Also instead of stating “maybe 10% faster” why not make a test where you compare the two?

There was a test, it’s called Quake 3, and another called Doom 3, in which a No-Draw shader called “Caulk” solved z-fighting from near co-planer surfaces, allowing NURBS arches to used. They cut down on overdraw, while still permitting the BSP process to work, without exploding objects into their constituent surfaces.

I have spent hundreds of hours testing this type of technique. I have at length examined files with 15,000 objects, searching any place I failed to apply this kind of shader/material.

I should think that if NoDraw surfaces are included, you would be under no requirement to use them.

No-Draw surfaces would likely allow faster rendering and view speeds, and would likely allow realtime raytracing to be used on larger projects, than can be used now*. They might also allow faster walkthroughs for building proposals.

No-Draw surfaces also might save a little bit of memory during the rendering process.

If a NoDraw material was implemented, the makers of 3rd-party renderers could decide for themselves what to do with a surfaces that doesn’t need to be rendered, that doesn’t need to have reflections, that doesn’t need a texturemap.

If a renderer, such as Rhino3D’s own? (non-cycles) render uses shadow maps, memory does not need to be used for keeping shadows and mappings for shadows on surfaces that don’t need to exist.

There is no sure way for a layer widget to know which surfaces you need to see, and which ones you don’t, so except for checking every surface against every other for a co-planar situation, or BSP’ing the whole kit and kaboodle, at every instant, and running viability calculations, the optimization would have to be done manually, by merely selecting a surface(s) and applying a no-draw material.

[*In my diner project, I am well beyond the point where the realtime raytracing can be used in a realtime fashion.]

As long as it fits in GPU RAM…that’s certainly true with these newfangled GPU-accelerated raytracers, within reason, it’s not so much the number of polygons as the complexity of the scene, materials, lighting. That’s my experience with iRay…heck that was I believe my experience with Neon in software mode, I’m like"Geez why is this getting kinda slow?..Oh, my model has ballooned to 30 million polygons, I was adding foliage and not paying attention." (And again, how much of that is sheer polygon count and how much of that is “complexity” of the scene?)

The speedup form optimization like ExtractRenderMesh and joining like materials together is mostly in copying the data over to the renderer, and I know that iRay and probably all plugins have this thing where they copy the whole damn model over instead of what’s on visible layers. What would the speedup even actually be to do it first except for models with a ton of hidden stuff? Either way at some point it has comb through every object. How does adding a “don’t render” material do anything to help this? It has nothing to do with it.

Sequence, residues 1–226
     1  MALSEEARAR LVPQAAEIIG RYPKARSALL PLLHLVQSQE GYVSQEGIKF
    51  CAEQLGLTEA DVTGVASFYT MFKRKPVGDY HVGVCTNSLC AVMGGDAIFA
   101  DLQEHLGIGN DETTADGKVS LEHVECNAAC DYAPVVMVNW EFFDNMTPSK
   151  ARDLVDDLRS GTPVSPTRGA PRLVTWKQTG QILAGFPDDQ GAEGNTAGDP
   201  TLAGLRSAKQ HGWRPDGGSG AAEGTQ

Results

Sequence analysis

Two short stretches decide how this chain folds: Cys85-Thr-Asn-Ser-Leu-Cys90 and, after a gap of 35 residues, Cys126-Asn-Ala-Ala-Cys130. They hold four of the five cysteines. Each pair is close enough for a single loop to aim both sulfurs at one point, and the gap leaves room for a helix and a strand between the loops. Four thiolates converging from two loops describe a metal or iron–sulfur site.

In Rhino’s OpenGL view, I am also finding that surface area/fillrate is an issue. I have a driveway and a backdrop that will make my system hang for half of a second when they fall into the view frustum.

In the case of your foliage, what you are working with is likely just simple planes, but in the case of a building frame there are sticks of wood with bottoms that do not need to be rendered.

[On large projects, I would rather not extract meshes because it negates some of the advantages of using NURBS, as well as complicating the build process.]

Using a No-Draw material would help because any object with a no-draw material does not need any Materials/Shader passes, and perhaps does not even need meshing, or perhaps the meshes could be more simple, as long as the edge verts are the same.

The “combing” check would exclude triangles from being filled with textures in the first place, in all visual passes. It would likely extinguish all lightrays that meet it, stopping a light ray dead in it’s tracks.

Also, using a No-Draw material eliminates problems with Z-fighting on thin things such as flooring, shingles, and things at a distance. While Z-buffers are quite large, they still have their limits. On that note, Rhino3D’s decals work very well, and I suspect that they use a Z-standoff and a later rendering pass. Good work!

GPU RAM is also an issue with large projects. Everything that goes into the GPU has to go across a bus. PCIExpress4 is not quite out, yet.

It’s not RTX, but my GTX 1080 is woefully incapable of rotating the scene I am working on. A RTX 2080 can do real-time raytracing at good framerates–only on a 20 year old, low polygon, architecture*. Additionally, the burdens of a real-time rayracer such Cycles to render Rhino geometry are much more demanding, because for the greater need for accuracy, and because a CAD-style models are generally not expected to be optimized for rending speed. Though, adding a No-Draw material with be a good step, just as custom rendering meshes are, adoptive degradation, and so forth. AFAIK, Rhino’s stock raytracer uses BSP’s but we aren’t expected to enclose our project. We aren’t expected to use only positive constructive geometry, and we aren’t expected to separate our objects for good splitters and details. It’s like a walk through the park, but sometimes, the speed would be nice.

As I stated, the NoDraw thing need only be used when you need a little more speed, and you don’t need every single polygon, every single surface drawn. The feature aside, is it too much to ask to ask the user to flag stuff they don’t need to see? The NURB extrusions and polysurfaces would still be intact when working with them.

When laying out an office, who really needs to see the bottoms of the filing cabinets? The bottoms of the chair feet? Yet, these suface need not be deleted, just flagged to be ignored by the renderer.